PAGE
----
A trace file is a prerecorded file containing memory transactions. Each memory transaction has a time stamp that tells the simulator when it shall happen, a transaction type (read or write) and a hexadecimal memory address. The optional length parameter (in bytes) allows sending transactions with a custom length that does not match the length of a single DRAM burst access. In this case a length converter has to be added. Write transactions also have to specify a data field when storage is enabled in DRAMSys.

There are two different kinds of trace files. They differ in their timing behavior and are distinguished by their file extension.

STL Traces (.stl)

The time stamp corresponds to the time the request is to be issued and it is given in cycles of the bus master device. Example: The device is an FPGA with a frequency of 200 MHz (clock period of 5 ns). If the time stamp is 10 the request is to be issued when time is 50 ns.

Syntax example:

# Comment lines begin with #
# cycle: [(length)] command hex-address [hex-data]
31: read 0x400140
33: read 0x400160
56: write 0x7fff8000 0x123456789abcdef...
81: (128) read 0x400180
Relative STL Traces (.rstl)

The time stamp corresponds to the time the request is to be issued relative to the end of the previous transaction. This results in a simulation in which the trace player is able to react to possible delays due to DRAM bottlenecks.

Syntax example:

# Comment lines begin with #
# cycle: [(length)] command hex-address [hex-data]
31: read 0x400140
2: (512) read 0x400160
23: write 0x7fff8000 0x123456789abcdef...
10: read 0x400180
Elastic Traces

More information about elastic traces can be found in the gem5 readme.

Trace Player

A trace player is equivalent to a bus master device (processor, FPGA, etc.). It reads an input trace file and translates each line into a new memory request. By adding a new device element into the trace setup section one can specify a new trace player, its operating frequency and its trace file.

Configuration File Sections

The main configuration file is divided into self-contained sections. Each of these sections refers to sub-configuration files. Below, the sub-configurations are listed and explained.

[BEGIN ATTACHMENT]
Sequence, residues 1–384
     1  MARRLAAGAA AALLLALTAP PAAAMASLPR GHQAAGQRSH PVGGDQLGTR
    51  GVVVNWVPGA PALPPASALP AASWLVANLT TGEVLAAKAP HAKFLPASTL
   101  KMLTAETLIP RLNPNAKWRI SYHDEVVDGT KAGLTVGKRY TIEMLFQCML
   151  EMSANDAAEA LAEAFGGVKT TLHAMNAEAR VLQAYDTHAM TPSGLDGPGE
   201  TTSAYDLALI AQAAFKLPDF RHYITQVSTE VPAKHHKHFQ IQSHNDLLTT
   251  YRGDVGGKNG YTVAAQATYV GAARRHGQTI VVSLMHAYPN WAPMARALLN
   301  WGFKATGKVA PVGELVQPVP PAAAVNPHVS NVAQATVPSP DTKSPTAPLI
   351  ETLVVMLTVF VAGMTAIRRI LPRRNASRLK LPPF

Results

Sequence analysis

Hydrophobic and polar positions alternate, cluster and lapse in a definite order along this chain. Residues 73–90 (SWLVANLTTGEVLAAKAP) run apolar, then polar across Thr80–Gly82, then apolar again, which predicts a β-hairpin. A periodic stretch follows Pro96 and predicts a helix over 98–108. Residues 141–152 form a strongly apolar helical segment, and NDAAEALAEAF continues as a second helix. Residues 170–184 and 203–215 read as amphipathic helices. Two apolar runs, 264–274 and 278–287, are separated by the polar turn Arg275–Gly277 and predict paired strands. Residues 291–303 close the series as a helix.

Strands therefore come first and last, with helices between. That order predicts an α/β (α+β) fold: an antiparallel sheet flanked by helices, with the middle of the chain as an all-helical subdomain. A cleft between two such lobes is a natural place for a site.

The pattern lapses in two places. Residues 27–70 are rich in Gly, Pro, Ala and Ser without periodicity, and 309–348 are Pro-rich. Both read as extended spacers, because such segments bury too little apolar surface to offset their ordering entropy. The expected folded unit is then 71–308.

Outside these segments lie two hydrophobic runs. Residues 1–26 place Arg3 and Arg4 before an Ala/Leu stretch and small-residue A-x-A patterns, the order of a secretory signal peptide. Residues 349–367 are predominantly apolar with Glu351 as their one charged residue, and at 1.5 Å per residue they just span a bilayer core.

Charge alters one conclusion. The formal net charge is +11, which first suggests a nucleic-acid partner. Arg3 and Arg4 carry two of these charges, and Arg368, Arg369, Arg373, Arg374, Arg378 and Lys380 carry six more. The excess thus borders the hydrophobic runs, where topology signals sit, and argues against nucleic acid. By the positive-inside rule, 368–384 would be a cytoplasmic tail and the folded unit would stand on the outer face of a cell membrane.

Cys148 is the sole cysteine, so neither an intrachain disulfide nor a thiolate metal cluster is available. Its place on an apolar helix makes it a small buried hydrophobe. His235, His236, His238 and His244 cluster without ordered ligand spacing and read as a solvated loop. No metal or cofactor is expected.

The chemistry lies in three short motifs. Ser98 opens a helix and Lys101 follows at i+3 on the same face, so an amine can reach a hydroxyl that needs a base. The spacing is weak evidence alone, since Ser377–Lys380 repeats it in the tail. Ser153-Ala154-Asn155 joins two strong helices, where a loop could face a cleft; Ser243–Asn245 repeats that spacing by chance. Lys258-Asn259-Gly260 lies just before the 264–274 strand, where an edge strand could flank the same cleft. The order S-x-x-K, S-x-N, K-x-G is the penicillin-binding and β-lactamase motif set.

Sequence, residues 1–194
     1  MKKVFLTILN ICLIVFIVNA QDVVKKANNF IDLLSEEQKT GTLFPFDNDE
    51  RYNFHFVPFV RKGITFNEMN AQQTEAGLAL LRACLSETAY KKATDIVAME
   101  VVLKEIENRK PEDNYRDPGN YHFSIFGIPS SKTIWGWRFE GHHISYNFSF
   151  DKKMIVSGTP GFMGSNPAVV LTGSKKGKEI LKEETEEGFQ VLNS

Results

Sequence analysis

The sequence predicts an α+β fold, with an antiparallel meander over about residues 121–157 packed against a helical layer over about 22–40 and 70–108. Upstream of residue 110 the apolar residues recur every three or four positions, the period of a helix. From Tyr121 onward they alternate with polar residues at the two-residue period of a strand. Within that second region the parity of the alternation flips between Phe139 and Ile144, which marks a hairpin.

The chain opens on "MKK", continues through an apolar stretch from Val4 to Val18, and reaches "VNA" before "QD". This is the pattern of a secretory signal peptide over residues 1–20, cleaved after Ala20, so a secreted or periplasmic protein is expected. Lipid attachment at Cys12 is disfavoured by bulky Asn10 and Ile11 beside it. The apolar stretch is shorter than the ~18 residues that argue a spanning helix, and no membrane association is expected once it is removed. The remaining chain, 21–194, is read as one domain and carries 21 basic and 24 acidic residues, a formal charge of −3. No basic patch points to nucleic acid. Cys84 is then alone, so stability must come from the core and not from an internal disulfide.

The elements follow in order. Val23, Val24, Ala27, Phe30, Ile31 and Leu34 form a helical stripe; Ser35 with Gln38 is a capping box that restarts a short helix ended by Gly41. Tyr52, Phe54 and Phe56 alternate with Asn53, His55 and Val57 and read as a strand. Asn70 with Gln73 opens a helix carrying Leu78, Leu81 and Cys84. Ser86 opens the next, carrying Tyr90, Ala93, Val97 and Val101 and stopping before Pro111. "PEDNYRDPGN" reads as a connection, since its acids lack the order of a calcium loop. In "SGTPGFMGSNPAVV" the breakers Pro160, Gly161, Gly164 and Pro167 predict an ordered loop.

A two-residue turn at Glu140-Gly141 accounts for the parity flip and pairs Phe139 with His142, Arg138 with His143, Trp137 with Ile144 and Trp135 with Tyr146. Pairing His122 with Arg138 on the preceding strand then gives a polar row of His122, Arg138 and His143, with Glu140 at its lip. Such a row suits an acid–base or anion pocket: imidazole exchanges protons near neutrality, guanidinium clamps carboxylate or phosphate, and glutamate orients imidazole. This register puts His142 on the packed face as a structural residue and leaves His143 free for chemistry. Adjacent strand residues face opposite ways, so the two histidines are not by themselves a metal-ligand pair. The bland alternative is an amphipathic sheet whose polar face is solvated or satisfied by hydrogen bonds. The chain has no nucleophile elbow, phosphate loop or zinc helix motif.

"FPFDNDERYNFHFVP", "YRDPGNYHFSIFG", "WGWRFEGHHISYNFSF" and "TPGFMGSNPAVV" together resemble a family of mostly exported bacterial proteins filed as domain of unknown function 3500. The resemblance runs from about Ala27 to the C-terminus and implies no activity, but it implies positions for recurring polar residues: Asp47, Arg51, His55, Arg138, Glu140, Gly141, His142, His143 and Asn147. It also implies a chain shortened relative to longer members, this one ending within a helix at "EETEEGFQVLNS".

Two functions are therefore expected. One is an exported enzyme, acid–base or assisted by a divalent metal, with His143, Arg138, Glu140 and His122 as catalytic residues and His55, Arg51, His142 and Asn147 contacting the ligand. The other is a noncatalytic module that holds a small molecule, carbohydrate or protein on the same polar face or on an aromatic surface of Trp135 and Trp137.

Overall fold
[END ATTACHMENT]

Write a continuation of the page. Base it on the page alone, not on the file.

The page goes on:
Simulator Configuration

The content of ddr3.json is presented below as an example.

    "simconfig": {
        "SimulationName": "ddr3",
        "Debug": false,
        "DatabaseRecording": true,
        "PowerAnalysis": false,
        "EnableWindowing": false,
        "WindowSize": 1000,
        "ThermalSimulation": false,
        "SimulationProgressBar": true,
        "CheckTLM2Protocol": false,
        "ECCControllerMode": "Disabled",
        "UseMalloc": false,
        "AddressOffset": 0,
        "ErrorChipSeed": 42,
        "ErrorCSVFile": "",
        "StoreMode": "NoStorage"
  • SimulationName (string)
    • Give the name of the simulation for distinguishing from other simulations.
  • Debug (boolean)
    • true: enables debug output on console (only supported by a debug build)
    • false: disables debug output
  • DatabaseRecording (boolean)
    • true: enables output database recording for the Trace Analyzer tool
    • false: disables output database recording
  • PowerAnalysis (boolean)
    • true: enables live power analysis with DRAMPower
    • false: disables power analysis
  • EnableWindowing (boolean)
    • true: enables temporal windowing
    • false: disables temporal windowing
  • WindowSize (unsigned int)
    • Size of the window in clock cycles used to evaluate average bandwidth and average power consumption
  • ThermalSimulation (boolean)
    • true: enables thermal simulation (more information)
    • false: static temperature during simulation
  • SimulationProgressBar (boolean)
    • true: enables the simulation progress bar
    • false: disables the simulation progress bar
  • CheckTLM2Protocol (boolean)
    • true: enables the TLM-2.0 Protocol Checking
    • false: disables the TLM-2.0 Protocol Checking
  • ECCControllerMode (string)
    • "Disabled": No ECC controller is used
    • "Hamming": Enables an ECC Controller with classic SECDED implementation using Hamming Code
  • UseMalloc (boolean)
    • false: model storage using mmap() (DEFAULT)
    • true: allocate memory for modeling storage using malloc()
  • AddressOffset (unsigned int)
    • Address offset of the DRAM subsystem (required for the gem5 coupling).
  • ErrorChipSeed (unsigned int)
    • Seed to initialize the random error generator.
  • ErrorCSVFile (string)
    • CSV file with error injection information.
  • StoreMode (string)